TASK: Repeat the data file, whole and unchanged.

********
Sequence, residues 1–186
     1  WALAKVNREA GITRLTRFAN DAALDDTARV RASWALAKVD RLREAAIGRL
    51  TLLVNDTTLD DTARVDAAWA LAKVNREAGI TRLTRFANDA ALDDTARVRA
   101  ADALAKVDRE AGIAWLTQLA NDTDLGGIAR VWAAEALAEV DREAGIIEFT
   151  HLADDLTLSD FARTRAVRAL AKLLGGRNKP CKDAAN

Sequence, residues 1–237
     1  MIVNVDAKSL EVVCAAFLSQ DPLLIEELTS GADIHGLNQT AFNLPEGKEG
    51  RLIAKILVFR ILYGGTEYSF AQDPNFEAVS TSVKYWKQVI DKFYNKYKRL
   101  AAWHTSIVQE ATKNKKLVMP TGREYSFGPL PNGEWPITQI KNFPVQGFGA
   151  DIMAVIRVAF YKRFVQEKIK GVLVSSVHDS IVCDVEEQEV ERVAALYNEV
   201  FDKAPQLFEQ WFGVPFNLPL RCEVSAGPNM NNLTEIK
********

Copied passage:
Sequence, residues 1–186
     1  WALAKVNREA GITRLTRFAN DAALDDTARV RASWALAKVD RLREAAIGRL
    51  TLLVNDTTLD DTARVDAAWA LAKVNREAGI TRLTRFANDA ALDDTARVRA
   101  ADALAKVDRE AGIAWLTQLA NDTDLGGIAR VWAAEALAEV DREAGIIEFT
   151  HLADDLTLSD FARTRAVRAL AKLLGGRNKP CKDAAN

Sequence, residues 1–237
     1  MIVNVDAKSL EVVCAAFLSQ DPLLIEELTS GADIHGLNQT AFNLPEGKEG
    51  RLIAKILVFR ILYGGTEYSF AQDPNFEAVS TSVKYWKQVI DKFYNKYKRL
   101  AAWHTSIVQE ATKNKKLVMP TGREYSFGPL PNGEWPITQI KNFPVQGFGA
   151  DIMAVIRVAF YKRFVQEKIK GVLVSSVHDS IVCDVEEQEV ERVAALYNEV
   201  FDKAPQLFEQ WFGVPFNLPL RCEVSAGPNM NNLTEIK